Navigating Trump's America: How Donald Trump opted for political correctness on Islam
President Donald Trump has pulled off a reset, at least for the start of the week. Trump kicked off a trip through the Middle East and Europe with a weekend visit to Saudi Arabia. In front of dozens of leaders from Muslim-majority countries, Trump called for unity and peace — without mentioning "radical Islamic terrorism" or American Muslims. The speech was an exercise in political correctness that Trump has rarely shown. It was a notable shift in rhetoric, with Trump even pointing out that the main victims of terrorism are the "innocent people of Arab, Muslim and Middle Eastern countries."
Trump's aspirational tone around peace, tied to praise heaped on Saudi Arabia and other countries, was a notable departure from his past targeting of Islam. While some experts panned the speech, it was also a tactful, diplomatic success at the beginning of Trump's first foreign trip. The speech did not enjoy support from his power base on the American far right, which is rife with Islamophobia.
While in Saudi Arabia, Trump signed a deal for the kingdom to purchase $110 billion of American arms equipment. Those weapons will be used to fight the Islamic State, but could also find their way into the Saudi war against Houthi rebels in Yemen — a humanitarian catastrophe where millions struggle to eat. Keep in mind: Saudi Arabia has fueled terrorism in the past and is built on Wahhabism, a strict, often intolerant interpretation of Islam, which the kingdom has spread far and wide thanks to its petrodollars.
Ivanka Trump also made the trip to Saudi Arabia. Along with the United Arab Emirates, Saudi Arabia pledged $100 million to the World Bank's Women Entrepreneurs Fund that she recently announced. The fund has drawn criticism for its similarities to the Clinton Foundation, which accepts millions of dollars from other countries and was aggressively attacked by Donald Trump during the presidential campaign.
This is Mic's daily read on Donald Trump's America. Welcome to the political newsletter that would appreciate a ceremonial sword dance.
Trump to Israel
Trump flew to Tel Aviv, Israel, on Monday and was greeted by Israeli Prime Minister Benjamin Netanyahu. (Netanyahu's deputies also greeted Trump, but only because the prime minister required their attendance.) Trump has said the United States has a "rare opportunity" to help broker peace between the Palestinians and the Israelis — a past stumbling block for many presidential administrations. Since the 1990s, U.S. leaders have strived to balance Palestinian demands for self-determination with Israeli calls for peace and security. Trump will likely continue to employ the dialed-back, friendly rhetoric he employed in Saudi Arabia.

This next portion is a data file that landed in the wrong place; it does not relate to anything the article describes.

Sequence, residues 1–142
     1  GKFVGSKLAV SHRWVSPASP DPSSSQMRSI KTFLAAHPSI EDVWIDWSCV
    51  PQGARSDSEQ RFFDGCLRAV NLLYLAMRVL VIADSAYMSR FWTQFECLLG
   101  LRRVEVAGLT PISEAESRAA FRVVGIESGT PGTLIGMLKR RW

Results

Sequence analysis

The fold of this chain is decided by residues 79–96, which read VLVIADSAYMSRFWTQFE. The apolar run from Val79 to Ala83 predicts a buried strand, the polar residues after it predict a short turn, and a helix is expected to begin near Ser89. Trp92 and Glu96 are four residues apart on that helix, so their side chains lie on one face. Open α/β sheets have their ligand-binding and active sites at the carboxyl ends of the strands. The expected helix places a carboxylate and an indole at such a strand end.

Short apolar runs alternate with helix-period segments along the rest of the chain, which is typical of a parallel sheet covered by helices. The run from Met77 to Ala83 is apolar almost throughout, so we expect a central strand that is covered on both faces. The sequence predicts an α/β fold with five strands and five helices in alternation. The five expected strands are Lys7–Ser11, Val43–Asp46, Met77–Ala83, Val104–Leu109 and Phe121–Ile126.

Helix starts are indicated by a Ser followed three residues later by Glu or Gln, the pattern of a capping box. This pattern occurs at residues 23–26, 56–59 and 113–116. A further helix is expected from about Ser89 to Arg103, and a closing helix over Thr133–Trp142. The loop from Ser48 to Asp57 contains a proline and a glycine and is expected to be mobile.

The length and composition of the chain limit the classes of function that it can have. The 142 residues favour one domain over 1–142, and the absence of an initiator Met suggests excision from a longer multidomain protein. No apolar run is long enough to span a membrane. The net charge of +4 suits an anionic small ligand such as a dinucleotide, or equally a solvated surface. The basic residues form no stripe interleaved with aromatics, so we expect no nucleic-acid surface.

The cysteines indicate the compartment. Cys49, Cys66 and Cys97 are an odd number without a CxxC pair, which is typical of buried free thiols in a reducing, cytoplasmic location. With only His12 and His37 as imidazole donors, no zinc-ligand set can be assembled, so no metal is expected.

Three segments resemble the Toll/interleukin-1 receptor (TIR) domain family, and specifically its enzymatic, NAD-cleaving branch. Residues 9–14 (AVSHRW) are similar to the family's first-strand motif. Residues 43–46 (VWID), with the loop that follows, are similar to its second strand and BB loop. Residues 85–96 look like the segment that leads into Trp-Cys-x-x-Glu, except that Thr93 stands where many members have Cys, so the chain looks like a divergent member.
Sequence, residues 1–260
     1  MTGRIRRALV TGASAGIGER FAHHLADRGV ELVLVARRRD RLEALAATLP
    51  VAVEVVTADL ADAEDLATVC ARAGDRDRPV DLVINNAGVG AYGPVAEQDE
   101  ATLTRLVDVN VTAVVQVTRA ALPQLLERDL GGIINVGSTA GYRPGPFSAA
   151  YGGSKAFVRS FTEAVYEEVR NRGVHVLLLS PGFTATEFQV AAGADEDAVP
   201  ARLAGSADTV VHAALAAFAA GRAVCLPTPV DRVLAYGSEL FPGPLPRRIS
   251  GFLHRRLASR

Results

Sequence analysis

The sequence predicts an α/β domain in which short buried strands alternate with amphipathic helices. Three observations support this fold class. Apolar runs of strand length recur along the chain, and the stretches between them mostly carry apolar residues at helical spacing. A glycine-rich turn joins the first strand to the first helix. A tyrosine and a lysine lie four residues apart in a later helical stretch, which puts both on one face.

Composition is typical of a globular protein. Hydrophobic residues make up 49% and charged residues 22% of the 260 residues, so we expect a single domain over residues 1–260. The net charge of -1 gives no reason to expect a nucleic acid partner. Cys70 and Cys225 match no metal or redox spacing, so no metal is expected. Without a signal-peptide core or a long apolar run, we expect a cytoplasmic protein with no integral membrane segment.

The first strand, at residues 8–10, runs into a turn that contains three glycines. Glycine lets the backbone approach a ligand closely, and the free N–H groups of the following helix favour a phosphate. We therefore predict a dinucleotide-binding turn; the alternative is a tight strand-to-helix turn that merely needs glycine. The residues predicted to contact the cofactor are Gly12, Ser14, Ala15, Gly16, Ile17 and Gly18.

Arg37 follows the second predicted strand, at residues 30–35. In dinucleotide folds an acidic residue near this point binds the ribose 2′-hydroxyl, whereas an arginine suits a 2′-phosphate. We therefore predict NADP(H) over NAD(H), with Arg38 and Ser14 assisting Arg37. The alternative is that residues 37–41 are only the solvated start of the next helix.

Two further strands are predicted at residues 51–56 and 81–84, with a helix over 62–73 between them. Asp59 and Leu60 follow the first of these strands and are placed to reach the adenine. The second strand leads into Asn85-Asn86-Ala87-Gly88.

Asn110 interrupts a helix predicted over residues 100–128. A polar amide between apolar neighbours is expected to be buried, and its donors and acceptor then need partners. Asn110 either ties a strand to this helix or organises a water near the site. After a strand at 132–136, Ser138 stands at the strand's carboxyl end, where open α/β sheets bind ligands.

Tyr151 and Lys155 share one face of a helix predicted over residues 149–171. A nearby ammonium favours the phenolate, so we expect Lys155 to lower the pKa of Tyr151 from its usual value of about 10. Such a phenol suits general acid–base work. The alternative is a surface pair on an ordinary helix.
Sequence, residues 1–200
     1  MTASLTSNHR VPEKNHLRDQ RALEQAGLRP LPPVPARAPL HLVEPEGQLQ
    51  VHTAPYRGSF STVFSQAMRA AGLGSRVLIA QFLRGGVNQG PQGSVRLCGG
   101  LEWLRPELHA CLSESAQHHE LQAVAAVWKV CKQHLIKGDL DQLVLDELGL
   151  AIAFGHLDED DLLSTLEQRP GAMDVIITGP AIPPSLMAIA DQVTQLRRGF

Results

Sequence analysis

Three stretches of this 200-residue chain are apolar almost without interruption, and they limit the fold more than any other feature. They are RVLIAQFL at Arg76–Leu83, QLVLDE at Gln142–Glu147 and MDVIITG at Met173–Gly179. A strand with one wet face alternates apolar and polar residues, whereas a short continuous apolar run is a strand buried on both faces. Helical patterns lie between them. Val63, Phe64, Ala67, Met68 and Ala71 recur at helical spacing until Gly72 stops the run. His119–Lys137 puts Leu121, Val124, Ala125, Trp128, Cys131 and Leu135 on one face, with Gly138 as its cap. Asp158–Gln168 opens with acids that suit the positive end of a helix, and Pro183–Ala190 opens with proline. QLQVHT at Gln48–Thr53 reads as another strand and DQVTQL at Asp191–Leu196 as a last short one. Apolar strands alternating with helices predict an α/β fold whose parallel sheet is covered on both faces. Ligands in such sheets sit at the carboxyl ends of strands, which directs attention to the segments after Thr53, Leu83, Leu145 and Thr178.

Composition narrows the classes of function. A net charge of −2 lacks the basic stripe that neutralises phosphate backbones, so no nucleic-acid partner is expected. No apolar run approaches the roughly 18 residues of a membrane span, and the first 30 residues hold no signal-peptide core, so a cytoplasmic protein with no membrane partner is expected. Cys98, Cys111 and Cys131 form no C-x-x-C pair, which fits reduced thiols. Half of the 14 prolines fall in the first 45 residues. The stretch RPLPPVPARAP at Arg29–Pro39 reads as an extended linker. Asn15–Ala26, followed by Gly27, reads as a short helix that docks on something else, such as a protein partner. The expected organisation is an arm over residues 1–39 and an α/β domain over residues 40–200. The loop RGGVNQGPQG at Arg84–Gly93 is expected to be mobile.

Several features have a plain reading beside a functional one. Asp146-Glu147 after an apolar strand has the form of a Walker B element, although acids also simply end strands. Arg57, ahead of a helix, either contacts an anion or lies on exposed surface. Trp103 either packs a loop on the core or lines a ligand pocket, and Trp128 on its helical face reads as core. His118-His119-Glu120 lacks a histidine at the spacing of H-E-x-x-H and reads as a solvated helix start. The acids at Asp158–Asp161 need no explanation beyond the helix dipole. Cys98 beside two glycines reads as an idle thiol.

Remember: This trip comes fresh off the report Trump leaked classified information — provided by Israel — to top Russian officials. He will probably have to answer for that with Israel, which is keen to retain close ties to its American patron. Secretary of State Rex Tillerson, though, told reporters, "I don't know that there's anything to apologize for."
Watch for a speech from Trump at 12:25 p.m. Eastern. The president visited the Western Wall — the first sitting U.S. president to do so — and Church of the Holy Sepulchre in Jerusalem on Monday morning.
Cutting Medicaid and anti-poverty programs
Trump's budget, set to be released on Tuesday, will double down on the American Health Care Act's planned $800 billion in cuts to Medicaid over a decade. With the AHCA facing no path forward in the Senate, those cuts are not likely to pass. But they show Trump is still willing to advance a deeply conservative agenda for America.
The budget will also give states the ability to limit who can receive anti-poverty assistance, like food stamps, based on work eligibility and other factors. The proposal will be in line with House Republican plans, leaked last week, to cut $400 billion from similar programs.
Elsewhere in Washington...
The Wall Street Journal reported Friday that Trump's aides have tried to convince him to stop tweeting, cautioning that the 140-character outbursts could "paint him into a corner" legally and politically. But old habits die hard.
As last week ended, fallout from the announcement of a special counsel investigating alleged Trump-Russia ties continued to rock Trump. Now, that inquiry will settle into months or more of investigation. But that is not likely to offer Trump a total reprieve. The Washington Post reported Friday that the probe has targeted a current White House official. Trump's boast — to Russian officials — about firing former FBI Director James Comey and calling him a "real nut job" could trigger a more immediate obstruction of justice investigation. Trump's national security adviser would not say whether the president confronted Russia's foreign minister about the country's meddling in the presidential election. The "cloud" created by these allegations is "impacting everything" done by Congress, said Sen. Marco Rubio (R-Fla.).
Remember: Trump will return to Washington amid buzz about upcoming Comey testimony in front of Congress, set to happen before the Senate Intelligence Committee after Memorial Day.
Outgoing House Oversight Chairman Rep. Jason Chaffetz (R-Utah) said over the weekend he will speak with Comey on Monday. Comey will not testify before the committee. There "may be quite a few people" at the White House with legal problems, Rep. Elijah Cummings (D-Md.) said alongside Chaffetz, his colleague on the committee.
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